The Nexus 4 is a highly anticipated device, and many people are eagerly looking forward to it. However various issues with the Nexus 4 have been surfacing. A recent issue that has been doing the rounds on the Internet is that the back panel, which is made of glass is susceptible to cracks if there is sudden change in temperature.
According to a report by Droid Life, one of the authors had experienced a rather weird situation where the glass panel at the back cracked. The author explains that the reason for the glass cracking could be merely setting it down on a cool surface. The author states, “Both the Optimus G and Nexus 4 cracked in my possession without ever dropping them. You know what did it? Setting them down gently onto my room temperature stone countertop. That’s it. The temperature change after it went from my warm hand to a room temperature countertop was apparently enough to split both devices’ glass backs almost directly down the middle. To think, that deciding whether or not my device is going to crack just by laying it down gently, is something my mind doesn’t even want to entertain. But that’s where I’ll be should I decide that I want a Nexus 4 that no longer looks this way.”
The temperature change causes the back panel to crack
This issue is not an isolated one and several other users are facing this issue.
The other major issue noticed with the Nexus 4 is that users are complaining about a buzzing sound from the earpiece. A recent report states that while some have complained that the sound is faint and intermittent, for some the static is loud enough to be a real nuisance. The worrisome bit is that it looks more like a hardware issue than a software one. Some believe that it could be a shielding issue with the interior electronics of the handsets making the sound audible only when the device is close to the ear. If it indeed turns out to be a hardware glitch, Google will have to replace handsets rather than simply release software patches to deal with this issue.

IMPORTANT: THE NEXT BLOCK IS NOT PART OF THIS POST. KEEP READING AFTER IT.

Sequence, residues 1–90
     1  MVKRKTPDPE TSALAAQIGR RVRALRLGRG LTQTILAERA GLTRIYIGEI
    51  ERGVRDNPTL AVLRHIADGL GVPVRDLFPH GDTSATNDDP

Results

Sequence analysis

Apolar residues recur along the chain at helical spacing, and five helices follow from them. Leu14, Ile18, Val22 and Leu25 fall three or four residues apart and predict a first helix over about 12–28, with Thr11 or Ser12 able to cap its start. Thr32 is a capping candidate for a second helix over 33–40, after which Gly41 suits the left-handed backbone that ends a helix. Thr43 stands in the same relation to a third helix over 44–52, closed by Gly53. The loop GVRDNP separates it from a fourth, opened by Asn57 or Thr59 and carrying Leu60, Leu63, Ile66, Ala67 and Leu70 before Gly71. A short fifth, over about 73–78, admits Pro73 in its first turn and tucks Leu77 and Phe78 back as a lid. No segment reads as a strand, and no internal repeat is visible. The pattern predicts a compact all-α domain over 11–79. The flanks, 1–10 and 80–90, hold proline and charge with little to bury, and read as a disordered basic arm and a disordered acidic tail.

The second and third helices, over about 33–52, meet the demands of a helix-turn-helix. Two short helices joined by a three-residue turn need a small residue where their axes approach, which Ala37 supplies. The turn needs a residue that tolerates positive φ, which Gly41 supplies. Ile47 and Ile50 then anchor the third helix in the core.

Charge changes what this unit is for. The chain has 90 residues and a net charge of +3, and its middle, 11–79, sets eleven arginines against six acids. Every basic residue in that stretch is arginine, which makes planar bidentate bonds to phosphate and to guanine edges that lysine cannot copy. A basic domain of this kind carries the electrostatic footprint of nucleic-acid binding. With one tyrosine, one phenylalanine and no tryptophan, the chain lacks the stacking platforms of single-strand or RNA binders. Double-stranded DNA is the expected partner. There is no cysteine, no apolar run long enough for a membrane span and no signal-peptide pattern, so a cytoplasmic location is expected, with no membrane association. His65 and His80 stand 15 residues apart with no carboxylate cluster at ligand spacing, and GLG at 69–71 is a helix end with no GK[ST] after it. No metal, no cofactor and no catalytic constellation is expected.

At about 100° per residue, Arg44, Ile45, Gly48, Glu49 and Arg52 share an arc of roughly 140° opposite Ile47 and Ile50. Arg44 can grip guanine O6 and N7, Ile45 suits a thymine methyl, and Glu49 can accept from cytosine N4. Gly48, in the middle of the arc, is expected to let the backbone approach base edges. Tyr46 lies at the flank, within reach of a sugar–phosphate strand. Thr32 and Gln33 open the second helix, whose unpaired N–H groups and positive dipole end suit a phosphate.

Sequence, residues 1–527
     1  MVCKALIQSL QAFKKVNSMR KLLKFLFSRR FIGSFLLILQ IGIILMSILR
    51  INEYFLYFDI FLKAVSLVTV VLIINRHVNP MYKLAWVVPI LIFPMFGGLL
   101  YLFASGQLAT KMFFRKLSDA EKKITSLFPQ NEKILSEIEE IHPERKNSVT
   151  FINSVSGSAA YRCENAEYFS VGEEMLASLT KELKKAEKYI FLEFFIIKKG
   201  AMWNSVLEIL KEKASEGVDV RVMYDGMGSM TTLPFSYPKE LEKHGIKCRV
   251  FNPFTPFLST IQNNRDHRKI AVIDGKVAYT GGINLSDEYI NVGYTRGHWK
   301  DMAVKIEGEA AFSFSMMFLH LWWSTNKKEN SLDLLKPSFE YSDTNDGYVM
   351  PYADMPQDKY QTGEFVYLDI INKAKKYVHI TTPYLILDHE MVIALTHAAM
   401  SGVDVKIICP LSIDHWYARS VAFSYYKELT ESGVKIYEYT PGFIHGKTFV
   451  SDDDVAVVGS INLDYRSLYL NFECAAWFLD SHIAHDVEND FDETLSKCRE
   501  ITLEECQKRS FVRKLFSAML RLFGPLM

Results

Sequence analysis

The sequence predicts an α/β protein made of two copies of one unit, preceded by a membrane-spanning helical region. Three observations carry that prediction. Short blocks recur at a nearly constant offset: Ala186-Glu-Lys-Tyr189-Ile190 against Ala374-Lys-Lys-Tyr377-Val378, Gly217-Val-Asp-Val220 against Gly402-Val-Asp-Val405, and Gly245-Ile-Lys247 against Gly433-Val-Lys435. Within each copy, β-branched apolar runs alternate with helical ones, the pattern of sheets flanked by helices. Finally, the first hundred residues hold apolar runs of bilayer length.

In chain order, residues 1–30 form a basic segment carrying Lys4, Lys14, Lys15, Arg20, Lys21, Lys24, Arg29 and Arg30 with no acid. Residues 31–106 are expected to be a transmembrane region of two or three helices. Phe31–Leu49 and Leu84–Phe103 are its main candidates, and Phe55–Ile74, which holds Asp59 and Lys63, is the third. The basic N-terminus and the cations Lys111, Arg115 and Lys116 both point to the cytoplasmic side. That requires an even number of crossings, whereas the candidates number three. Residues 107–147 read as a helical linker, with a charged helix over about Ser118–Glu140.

Since the issue is not very widely reported, it is being speculated that only one batch of the Nexus 4 could have this problem. It might be too early to conclude anything, since the phone was released only a fortnight ago. Neither Google nor LG has released an official statement addressing this issue.
The Nexus 4 was developed by Google along with LG. The phone has a quad-core processor, a crisp 4.7-inch (320ppi) display, and with wireless charging. You merely need to set the phone down on a charging surface to power it up without the hassles of wires. It works on Android v4.2 said to be the simplest and smartest version of Android yet. The camera promises to be a different experience altogether, allowing you to capture shots in all directions to create 360-degree experiences that you can share on Google+. You can also add your Photo Sphere to Google Maps for the world to see.
Android v4.2, which is featured on the Nexus 4 will bring along other great goodies. These include Gesture Typing, which lets you glide your finger over the letters you want to type on the keyboard—thus adding the functionality of the Swype keyboard into the stock Android keyboard. Android v4.2 also adds support for wireless display so you can wirelessly watch movies, YouTube videos, and play games right on a Miracast-compatible HDTV.
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